[Gluster-users] [Gluster-devel] Glusterfs and Structured data
rgowdapp at redhat.com
Fri Feb 9 08:21:34 UTC 2018
Another guideline we can provide is to disable all performance xlators for workloads requiring strict metadata consistency (even for non gluster-block usecases like native fuse mount etc). Note that we might still can have few perf xlators turned on. But, that will require some experimentation. The safest and easiest would be to turn off following xlators:
* performance.readdir-ahead and performance.parallel-readdir
performance.open-behind can be turned on if the application doesn't require the functionality of file accessible through an fd opened on a mountpoint while file is deleted from a different mount point. As far as metadata inconsistencies go, I am not aware of any issues with performance.open-behind.
Please note that as has been pointed out by different mails in this thread, perf-xlators is one part (albeit larger one) of the bigger problem of metadata inconsistency.
----- Original Message -----
> From: "Vijay Bellur" <vbellur at redhat.com>
> To: "Raghavendra G" <raghavendra at gluster.com>
> Cc: "Raghavendra Gowdappa" <rgowdapp at redhat.com>, "Gluster Devel" <gluster-devel at gluster.org>
> Sent: Friday, February 9, 2018 1:34:25 PM
> Subject: Re: [Gluster-devel] Glusterfs and Structured data
> On Wed, Feb 7, 2018 at 10:35 PM, Raghavendra G <raghavendra at gluster.com>
> > On Tue, Feb 6, 2018 at 8:15 PM, Vijay Bellur <vbellur at redhat.com> wrote:
> >> On Sun, Feb 4, 2018 at 3:39 AM, Raghavendra Gowdappa <rgowdapp at redhat.com
> >> > wrote:
> >>> All,
> >>> One of our users pointed out to the documentation that glusterfs is not
> >>> good for storing "Structured data" , while discussing an issue .
> >> As far as I remember, the content around structured data in the Install
> >> Guide is from a FAQ that was being circulated in Gluster, Inc. indicating
> >> the startup's market positioning. Most of that was based on not wanting to
> >> get into performance based comparisons of storage systems that are
> >> frequently seen in the structured data space.
> >>> Does any of you have more context on the feasibility of storing
> >>> "structured data" on Glusterfs? Is one of the reasons for such a
> >>> suggestion
> >>> "staleness of metadata" as encountered in bugs like ?
> >> There are challenges that distributed storage systems face when exposed
> >> to applications that were written for a local filesystem interface. We
> >> have
> >> encountered problems with applications like tar  that are not in the
> >> realm of "Structured data". If we look at the common theme across all
> >> these
> >> problems, it is related to metadata & read after write consistency issues
> >> with the default translator stack that gets exposed on the client side.
> >> While the default stack is optimal for other scenarios, it does seem that
> >> a
> >> category of applications needing strict metadata consistency is not well
> >> served by that. We have observed that disabling a few performance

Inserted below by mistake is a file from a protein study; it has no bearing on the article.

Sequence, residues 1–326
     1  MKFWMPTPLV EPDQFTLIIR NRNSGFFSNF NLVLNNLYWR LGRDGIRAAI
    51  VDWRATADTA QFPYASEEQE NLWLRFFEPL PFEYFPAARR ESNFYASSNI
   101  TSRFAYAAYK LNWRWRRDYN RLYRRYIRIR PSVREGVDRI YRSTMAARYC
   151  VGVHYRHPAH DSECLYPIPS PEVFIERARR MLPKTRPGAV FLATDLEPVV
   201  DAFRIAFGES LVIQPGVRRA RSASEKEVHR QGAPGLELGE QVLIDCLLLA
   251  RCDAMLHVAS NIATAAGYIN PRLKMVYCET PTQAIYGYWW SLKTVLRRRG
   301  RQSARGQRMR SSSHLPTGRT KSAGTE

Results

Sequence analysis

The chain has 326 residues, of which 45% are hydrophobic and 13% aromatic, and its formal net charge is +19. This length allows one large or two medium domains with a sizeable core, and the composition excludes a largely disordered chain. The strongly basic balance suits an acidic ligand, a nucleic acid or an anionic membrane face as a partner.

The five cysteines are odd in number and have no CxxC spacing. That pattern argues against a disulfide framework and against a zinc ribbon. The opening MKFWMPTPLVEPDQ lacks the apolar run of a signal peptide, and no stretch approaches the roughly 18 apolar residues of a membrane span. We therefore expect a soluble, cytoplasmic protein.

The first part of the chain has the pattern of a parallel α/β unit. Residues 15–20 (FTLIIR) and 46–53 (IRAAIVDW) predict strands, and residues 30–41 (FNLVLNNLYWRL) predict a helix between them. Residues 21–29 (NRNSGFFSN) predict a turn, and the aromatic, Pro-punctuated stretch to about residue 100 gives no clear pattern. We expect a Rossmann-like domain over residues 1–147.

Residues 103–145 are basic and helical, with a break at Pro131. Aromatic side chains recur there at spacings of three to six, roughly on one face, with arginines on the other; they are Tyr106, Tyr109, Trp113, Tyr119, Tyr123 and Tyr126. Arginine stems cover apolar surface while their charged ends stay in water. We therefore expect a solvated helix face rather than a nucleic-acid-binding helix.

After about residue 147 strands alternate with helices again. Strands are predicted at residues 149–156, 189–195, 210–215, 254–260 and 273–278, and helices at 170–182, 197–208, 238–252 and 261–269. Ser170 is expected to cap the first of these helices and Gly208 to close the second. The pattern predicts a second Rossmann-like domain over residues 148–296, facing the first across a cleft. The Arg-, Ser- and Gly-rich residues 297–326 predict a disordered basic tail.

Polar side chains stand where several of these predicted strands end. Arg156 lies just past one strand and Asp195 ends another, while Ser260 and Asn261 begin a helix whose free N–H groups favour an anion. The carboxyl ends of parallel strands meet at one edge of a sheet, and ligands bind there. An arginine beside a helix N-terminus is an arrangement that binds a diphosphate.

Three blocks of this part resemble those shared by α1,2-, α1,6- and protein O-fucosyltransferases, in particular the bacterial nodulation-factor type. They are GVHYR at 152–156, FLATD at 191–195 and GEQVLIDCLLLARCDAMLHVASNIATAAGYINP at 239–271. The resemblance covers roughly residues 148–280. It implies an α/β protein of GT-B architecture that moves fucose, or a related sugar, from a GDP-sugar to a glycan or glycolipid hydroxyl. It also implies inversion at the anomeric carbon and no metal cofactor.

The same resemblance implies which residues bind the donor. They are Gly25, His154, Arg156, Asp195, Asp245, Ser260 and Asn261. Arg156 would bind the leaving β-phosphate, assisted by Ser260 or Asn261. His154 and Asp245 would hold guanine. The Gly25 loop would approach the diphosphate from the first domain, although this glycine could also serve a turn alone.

> >> translators and tuning cache timeouts for VFS/FUSE have helped to overcome
> >> some of them. The WIP effort on timestamp consistency across the
> >> translator
> >> stack, patches that have been merged as a result of the bugs that you
> >> mention & other fixes for outstanding issues should certainly help in
> >> catering to these workloads better with the file interface.
> >> There are deployments that I have come across where glusterfs is used for
> >> storing structured data. gluster-block & qemu-libgfapi overcome the
> >> metadata consistency problem by exposing a file as a block device & by
> >> disabling most of the performance translators in the default stack.
> >> Workloads that have been deemed problematic with the file interface for
> >> the
> >> reasons alluded above, function well with the block interface.
> > I agree that gluster-block due to its usage of a subset of glusterfs fops
> > (mostly reads/writes I guess), runs into less number of consistency issues.
> > However, as you've mentioned we seem to disable perf xlator stack in our
> > tests/use-cases till now. Note that perf xlator stack is one of worst
> > offenders as far as the metadata consistency is concerned (relatively less
> > scenarios of data inconsistency). So, I wonder,
> > * what would be the scenario if we enable perf xlator stack for
> > gluster-block?
> tcmu-runner opens block devices with O_DIRECT. So enabling perf xlators for
> gluster-block would not make a difference as translators like io-cache &
> read-ahead do not enable caching for open() with O_DIRECT. In addition,
> since bulk of the operations happen to be reads & writes on large files
> with gluster-block, md-cache & quick-read are not appropriate for the stack
> that tcmu-runner operates on.
> * Is performance on gluster-block satisfactory so that we don't need these
> > xlators?
> > - Or is it that these xlators are not useful for the workload usually
> > run on gluster-block (For random read/write workload, read/write caching
> > xlators offer less or no advantage)?
> > - Or theoretically the workload is ought to benefit from perf xlators,
> > but we don't see them in our results (there are open bugs to this effect)?
> Owing to the reasons mentioned above, most performance xlators do not seem
> very useful for gluster-block workloads.
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